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Fougasse is actually a type of flat bread. A traditional food in the Provence region and should not be missed! One of the distinguishing characteristics of fougasse is that the dough is shaped into the lattice, it can be a leaf or a wheat stalk. The shaping makes it possible to pull the bread into smaller pieces.
A variation on the Italian foccacia, fougasse was traditionally used to assess the temperature of a wood fired oven. The time it would take to bake gave an idea of the oven temperature and whether the rest of the breads could be baked. Traditional Provence Fougasse contains olive chunks and a mixture of fresh herbs according to the season



  • 1 teaspoon active dry yeast

  • 1 teaspoon sugar

  • 4 ½ cups all-purpose flour

  • 2 tablespoons extra-virgin olive oil, plus more for brushing loaves

  • 1 tablespoons kosher salt

  • Corn meal

Possible additions: minced kalamata or green olives, capers, minced herbs (parsley, thyme, rosemary), red onion, sun-dried tomatoes, anchovies, chilies, mozzarella, feta or goat cheese, caramelized onions, bacon.


  1. In the bowl of a stand mixer, whisk together yeast, sugar, and 1 ⅓ cups water heated to 110°; let sit until foamy, 10 minutes.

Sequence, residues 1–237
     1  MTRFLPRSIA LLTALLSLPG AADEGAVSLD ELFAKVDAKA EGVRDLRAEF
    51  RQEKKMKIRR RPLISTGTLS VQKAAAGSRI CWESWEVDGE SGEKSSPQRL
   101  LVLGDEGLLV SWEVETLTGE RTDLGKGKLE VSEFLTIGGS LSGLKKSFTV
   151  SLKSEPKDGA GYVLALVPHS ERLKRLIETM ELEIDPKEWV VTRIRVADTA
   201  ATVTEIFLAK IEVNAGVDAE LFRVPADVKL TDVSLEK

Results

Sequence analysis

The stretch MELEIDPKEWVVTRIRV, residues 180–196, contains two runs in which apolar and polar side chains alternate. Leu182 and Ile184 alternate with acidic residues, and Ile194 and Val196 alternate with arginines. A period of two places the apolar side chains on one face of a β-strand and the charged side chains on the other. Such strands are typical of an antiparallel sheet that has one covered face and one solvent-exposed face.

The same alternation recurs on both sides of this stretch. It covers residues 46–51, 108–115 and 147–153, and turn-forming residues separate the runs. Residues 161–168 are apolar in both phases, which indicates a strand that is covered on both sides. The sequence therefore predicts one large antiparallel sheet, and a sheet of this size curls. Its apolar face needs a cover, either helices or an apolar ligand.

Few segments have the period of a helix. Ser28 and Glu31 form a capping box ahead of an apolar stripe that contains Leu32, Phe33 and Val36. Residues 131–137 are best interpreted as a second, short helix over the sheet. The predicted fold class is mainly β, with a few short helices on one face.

2. Stir in flour, oil, and salt and using the dough hook, knead on speed one for about 10 minutes until a soft dough is formed. Add any flavor additions and knead in at the end.  Place in a lightly oiled bowl to rise until doubled in size, about 1 ½ hours.

  3. Heat oven to 500°. Divide dough into 5 equal pieces and mould into balls. Leave for a 10-minute rest. On a lightly floured surface using a rolling pin, roll out the dough into 8” by 5” triangles, about ½ inch thick. Transfer doughs to a cornmeal-dusted, parchment paper–lined baking sheet.

  4. Using a sharp knife, cut the dough and separate using your fingers to shape the holes. Cover with a damp towel; let rest until puffed, about 30 minutes. Lightly brush each dough piece with oil, sprinkle with any desired additions, and season with salt and pepper. 

  5. Bake, one at a time, until golden brown, about 15 minutes each.

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